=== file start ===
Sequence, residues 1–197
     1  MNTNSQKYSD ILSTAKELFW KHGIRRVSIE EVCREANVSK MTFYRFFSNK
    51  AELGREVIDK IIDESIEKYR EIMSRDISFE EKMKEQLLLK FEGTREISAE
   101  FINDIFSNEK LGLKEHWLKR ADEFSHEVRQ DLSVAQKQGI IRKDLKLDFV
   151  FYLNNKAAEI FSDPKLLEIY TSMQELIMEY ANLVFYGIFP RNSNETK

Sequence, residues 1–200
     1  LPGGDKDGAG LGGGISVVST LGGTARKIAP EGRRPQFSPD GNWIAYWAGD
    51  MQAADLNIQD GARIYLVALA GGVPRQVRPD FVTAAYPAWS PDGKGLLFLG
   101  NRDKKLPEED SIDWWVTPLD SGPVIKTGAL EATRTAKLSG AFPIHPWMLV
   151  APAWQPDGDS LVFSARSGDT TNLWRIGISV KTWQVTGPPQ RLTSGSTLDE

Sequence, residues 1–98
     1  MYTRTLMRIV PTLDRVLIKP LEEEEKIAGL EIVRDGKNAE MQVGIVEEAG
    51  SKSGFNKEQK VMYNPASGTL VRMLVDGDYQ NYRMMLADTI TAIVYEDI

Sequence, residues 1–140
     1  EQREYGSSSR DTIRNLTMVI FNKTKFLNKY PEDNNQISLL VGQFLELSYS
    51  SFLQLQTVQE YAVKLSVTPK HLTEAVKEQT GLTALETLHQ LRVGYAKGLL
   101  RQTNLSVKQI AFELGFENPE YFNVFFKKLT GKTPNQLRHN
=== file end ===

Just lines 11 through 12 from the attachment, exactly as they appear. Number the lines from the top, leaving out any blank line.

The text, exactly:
Sequence, residues 1–98
     1  MYTRTLMRIV PTLDRVLIKP LEEEEKIAGL EIVRDGKNAE MQVGIVEEAG